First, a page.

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Meet Emily Yetter

Today we’d like to introduce you to Emily Yetter.

Thanks for sharing your story with us Emily. So, let’s start at the beginning, and we can move on from there.
How I got to where I am today? Stubbornness. I found something that I really liked doing as a kid, the only thing that I’ve stayed obsessed with, and now am stuck with an unrelenting inability to quit.

The legend goes as follows: I was entertaining (more like annoying) my family at the dinner table at five years old, “Why don’t we get you into acting classes?” posed my father. That was all fun and games – seriously, we did a lot of improv games – until I started doing Shakespeare in the summer as a 12-year-old with Rebel Shakespeare Company out of Salem, MA. It was then that I found something that felt bigger than myself. I fell in love! Le sigh.

Anyhow! Fast-forward ten years, I graduated UCLA’s School of Theatre, Film, and Television and after spending a summer on the set of Project X as the tiniest role that can still be considered a role, I booked my first real job! I was on tour with Theater Threesixty’s Peter Pan as Tinker Bell for 14 months. That’s a story for another time, but it was amazing.

I returned to LA and soon after booked the role of Regan in The Exorcist at The Geffen Playhouse. It was due to move to Broadway after a two-month try-out in LA. Alas, it did not. That kept me in LA to join the ranks of petite female actresses. Since then, I’ve worked at beautiful theaters such as South Coast Repertory, Walt Disney Concert Hall and Portland Center Stage. I’ve also produced a full-length pilot, am a member of a very cool immersive theater company called Ceaseless Fun and am constantly in some kind of strange live show that you’ve never heard of. You may have also seen my face in various commercials or on various shows on various obscure platforms. But most likely not haha!

We’re always bombarded by how great it is to pursue your passion, etc. – but we’ve spoken with enough people to know that it’s not always easy. Overall, would you say things have been easy for you?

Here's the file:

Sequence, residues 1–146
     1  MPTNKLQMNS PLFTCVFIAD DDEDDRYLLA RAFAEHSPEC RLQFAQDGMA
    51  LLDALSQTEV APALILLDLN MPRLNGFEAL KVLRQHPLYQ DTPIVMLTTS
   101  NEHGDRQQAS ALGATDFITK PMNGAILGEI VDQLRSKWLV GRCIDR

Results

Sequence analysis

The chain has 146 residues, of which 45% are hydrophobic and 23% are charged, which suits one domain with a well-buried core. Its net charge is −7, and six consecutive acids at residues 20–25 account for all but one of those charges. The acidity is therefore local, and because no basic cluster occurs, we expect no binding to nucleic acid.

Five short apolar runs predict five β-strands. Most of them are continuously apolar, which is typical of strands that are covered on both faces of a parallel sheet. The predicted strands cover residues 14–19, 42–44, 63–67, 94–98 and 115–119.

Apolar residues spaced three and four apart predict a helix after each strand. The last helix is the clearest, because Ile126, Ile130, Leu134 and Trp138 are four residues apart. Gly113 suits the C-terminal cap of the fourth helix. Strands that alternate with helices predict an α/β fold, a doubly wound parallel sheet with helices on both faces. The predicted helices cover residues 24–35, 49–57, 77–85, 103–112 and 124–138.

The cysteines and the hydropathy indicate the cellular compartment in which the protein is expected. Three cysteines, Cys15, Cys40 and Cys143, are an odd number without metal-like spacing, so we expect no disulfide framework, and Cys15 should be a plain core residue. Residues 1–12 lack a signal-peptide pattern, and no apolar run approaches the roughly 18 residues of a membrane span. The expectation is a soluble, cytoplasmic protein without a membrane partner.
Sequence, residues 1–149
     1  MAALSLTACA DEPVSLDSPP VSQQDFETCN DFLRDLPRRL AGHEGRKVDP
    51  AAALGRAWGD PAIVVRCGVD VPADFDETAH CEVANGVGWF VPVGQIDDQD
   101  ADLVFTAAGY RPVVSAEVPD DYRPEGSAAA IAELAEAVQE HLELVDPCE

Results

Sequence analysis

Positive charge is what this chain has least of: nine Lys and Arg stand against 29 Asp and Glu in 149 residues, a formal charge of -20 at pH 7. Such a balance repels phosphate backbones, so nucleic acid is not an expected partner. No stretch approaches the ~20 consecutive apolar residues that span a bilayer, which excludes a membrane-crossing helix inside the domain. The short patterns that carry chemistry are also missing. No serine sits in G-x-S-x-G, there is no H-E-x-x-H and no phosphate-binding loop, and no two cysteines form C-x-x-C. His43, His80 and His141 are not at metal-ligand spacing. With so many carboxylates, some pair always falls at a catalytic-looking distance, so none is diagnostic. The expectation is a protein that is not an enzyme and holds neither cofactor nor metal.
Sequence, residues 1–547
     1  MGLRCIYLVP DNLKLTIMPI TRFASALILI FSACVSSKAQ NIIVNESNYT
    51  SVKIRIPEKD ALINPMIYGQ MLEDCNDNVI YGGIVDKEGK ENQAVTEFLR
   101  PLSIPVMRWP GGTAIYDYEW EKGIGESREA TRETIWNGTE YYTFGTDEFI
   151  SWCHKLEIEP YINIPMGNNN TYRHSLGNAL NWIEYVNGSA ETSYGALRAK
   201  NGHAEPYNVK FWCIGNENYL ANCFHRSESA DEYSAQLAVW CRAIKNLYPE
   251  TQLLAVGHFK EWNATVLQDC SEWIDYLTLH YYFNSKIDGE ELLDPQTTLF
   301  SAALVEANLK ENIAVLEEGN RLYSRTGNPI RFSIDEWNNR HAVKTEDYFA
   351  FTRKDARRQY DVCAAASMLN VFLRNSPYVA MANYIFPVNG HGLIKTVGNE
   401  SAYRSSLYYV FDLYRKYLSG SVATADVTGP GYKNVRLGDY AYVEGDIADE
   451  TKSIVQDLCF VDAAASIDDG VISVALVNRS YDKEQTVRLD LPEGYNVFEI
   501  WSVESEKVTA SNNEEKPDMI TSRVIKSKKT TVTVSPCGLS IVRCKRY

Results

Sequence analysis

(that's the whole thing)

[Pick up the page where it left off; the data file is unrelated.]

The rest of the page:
No, it has not been easy, and I think that’s really important. I’ve learned to never take anything for granted. Acting is not the glamorous, spoon-fed career path that it can seem to be. There’s a strong chance that I’ll still be a struggling artist at 50, and I have to be okay with that. I have friends who are recurring characters on multiple well-loved shows and still have survival jobs.

For me, things became difficult after The Exorcist (perhaps the curse is real?!). I began booking jobs every six mo – to a year, and despite the relief of cool and artistically satisfying jobs every once in a while, I couldn’t quite get my success in theatre to translate to film & TV auditions. When you aren’t able to do what you feel like you’re meant to do, it can weigh heavily on your psyche. I was constantly forced to look at what I’m doing and make the conscious decision to continue.

There’s a lot of sacrifice in following your passion: being far from family, struggling financially, thinking (once again) that things are going in the right direction only to be hit with another disappointment. This has only gotten harder as time goes by and our world has become darker. I have to ask myself daily if the pursuit of passion is worth it, and the answer, still, is yes. How do I deal with being out of work? Everyone always says, “create your own projects.” Well, not everyone wants to do that. I have to keep following what excites me.

The only consistent aspect of my career thus far is that I have gotten the vast majority of my work completely by myself simply by continuously doing the things I like doing. Not that you asked, but if I had a lesson to give, it’d be to never, ever count on anyone else to make things happen for you. Oh. That, and surround yourself with amazing people who inspire you.

We’d love to hear more about what you do.
I get the opportunity to play off-center roles most of the time, which is great! So far in my twenties, I’ve been possessed twice, been three different fairies, three clowns, one goblin and three strippers (I got really into pole dancing for a while).

Basically, I am dying to get into mocap as moving and acting like a weirdo seems to be my forte! Also, I largely get cast as kids and teens on stage. Funny how things work out, I hated looking young in high school, and now it’s become one of my greatest assets. Thanks for the genes, mom, and dad!

What were you like growing up?
I was a tiny kid and looked a lot younger than my age. I always joke about how my cat was half my weight when I was ten (to be fair, he was a very fat cat). Looking back on it, my size actually defined me a lot more than expected. I was bullied and certainly undermined and underestimated most of the time.

I think this caused a drive and an assertiveness to grow to compensate for my lack of physical stature. I also had more energy than I knew what to do with. I was constantly bopping from one new hobby to another. I tried everything from violin to field hockey, but the only thing that stood the test of time was, of course, acting.

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Image Credit:
Jordan Kubat, Michael lamont, Nerris Nassiri, Erica Nichols

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